Anyway – thanks – appreciate the mention. I’ve added your blog to my blogroll.

    • shani-o August 3, 2009 at 6:43 pm Reply

      Thanks for posting that, Jill. And I really dig your blog.

      And re: women conservatives, it’s completely ridiculous that they aren’t being promoted by party leaders, even as the party is falling apart. And when they are, it’s the Palins and the Doles we keep seeing — women who seem to hate women.

      • Jill August 3, 2009 at 8:33 pm Reply

        And maybe for another day or post, but I was on another blog that says its about women’s rights and a commenter rightly commented about how many on that blog write as though sexism is the only ism (and she’s right) and that comment was followed by a challenge to name a single black female politician (implying that there just aren’t any so why would they cover that). Yeah – don’t ask. So I left a comment later listing several WOC politicians I know of right off the top of my head but…it did lead me to google around to find a good list or compilation and I didn’t come up with anything. Do you have any suggestions/knowledge about a good resource on minority and/or African-American female politicians? I apologize for it being a surprise to me, but I was surprised to not find something – and I am sure there must be.

        Hope it’s okay to ask about this. There just should be more, it seems, but sometimes I’m not always looking in the right places.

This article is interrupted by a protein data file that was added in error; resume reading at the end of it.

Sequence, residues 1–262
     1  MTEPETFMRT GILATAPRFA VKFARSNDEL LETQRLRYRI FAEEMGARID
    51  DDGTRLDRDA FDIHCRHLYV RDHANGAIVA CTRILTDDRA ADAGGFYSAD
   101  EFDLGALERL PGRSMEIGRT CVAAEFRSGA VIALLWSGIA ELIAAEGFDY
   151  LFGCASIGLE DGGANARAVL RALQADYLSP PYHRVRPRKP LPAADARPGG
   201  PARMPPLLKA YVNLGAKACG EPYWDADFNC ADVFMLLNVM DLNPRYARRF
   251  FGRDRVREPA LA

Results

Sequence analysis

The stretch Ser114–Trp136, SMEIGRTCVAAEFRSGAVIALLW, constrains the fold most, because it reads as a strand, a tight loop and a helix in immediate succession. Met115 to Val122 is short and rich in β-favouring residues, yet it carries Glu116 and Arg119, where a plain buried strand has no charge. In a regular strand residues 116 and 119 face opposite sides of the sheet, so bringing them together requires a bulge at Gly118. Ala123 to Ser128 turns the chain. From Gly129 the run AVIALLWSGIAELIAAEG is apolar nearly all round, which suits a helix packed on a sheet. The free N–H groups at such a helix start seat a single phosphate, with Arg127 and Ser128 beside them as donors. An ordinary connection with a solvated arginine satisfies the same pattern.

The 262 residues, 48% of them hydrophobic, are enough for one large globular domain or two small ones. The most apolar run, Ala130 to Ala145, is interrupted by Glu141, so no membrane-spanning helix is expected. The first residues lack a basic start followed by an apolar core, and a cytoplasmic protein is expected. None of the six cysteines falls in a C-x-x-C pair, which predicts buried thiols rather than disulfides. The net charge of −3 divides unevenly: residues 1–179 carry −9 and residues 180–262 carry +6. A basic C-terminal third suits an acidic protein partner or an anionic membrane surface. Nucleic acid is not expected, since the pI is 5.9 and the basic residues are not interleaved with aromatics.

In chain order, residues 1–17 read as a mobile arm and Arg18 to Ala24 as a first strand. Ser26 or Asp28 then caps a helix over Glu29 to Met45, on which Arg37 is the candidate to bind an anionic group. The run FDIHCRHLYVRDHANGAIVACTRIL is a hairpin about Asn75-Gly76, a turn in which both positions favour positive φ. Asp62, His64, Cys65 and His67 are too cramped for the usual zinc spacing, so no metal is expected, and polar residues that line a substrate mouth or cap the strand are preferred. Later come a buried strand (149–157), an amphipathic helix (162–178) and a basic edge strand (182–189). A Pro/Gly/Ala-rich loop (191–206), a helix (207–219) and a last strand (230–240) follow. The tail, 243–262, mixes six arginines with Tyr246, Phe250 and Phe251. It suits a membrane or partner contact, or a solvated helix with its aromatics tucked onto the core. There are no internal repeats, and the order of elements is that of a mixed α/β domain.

• shani-o August 3, 2009 at 9:11 pm Reply

          Of course it’s okay to ask.

          And I’d start with the Congressional Black Caucus as a resource for black Congress members.

          I’m not sure where to get the most up=to-date info on Latino congressmen and women, but I found this link:

        • ladyfresh August 3, 2009 at 9:58 pm Reply

          hi jill

          try NALEO – National Association of Latino Elected and Appointed Officials

          • Jill August 3, 2009 at 10:02 pm Reply

            Thank you both – I can’t believe I didn’t think of the Congressional Black Caucus, d’oh. Feeling clueless white women thing coming on – but appreciative you’ll let me ask here. 😉 Definitely have blog post in mind compiling what I can – don’t know if any of you browse over at from time to time, but they’re letting me do an every other week series on what it’s like running for office for the first time in a small city with a family and obligations etc. and I’m trying to make the posts useful/things that people can apply. I’d love to do one focusing on, “hey, it’s not even really that hard for me – I’m pretty privileged; what’s it like for WOC etc.” and help with resources.

  2. Samia August 3, 2009 at 8:25 pm Reply

    I’m kind of dismayed to see people mentioning Amanda Marcotte lately. Amanda “I take ideas from brown people and then get all pissed off when someone notices” Marcotte. Yeah. I dunno.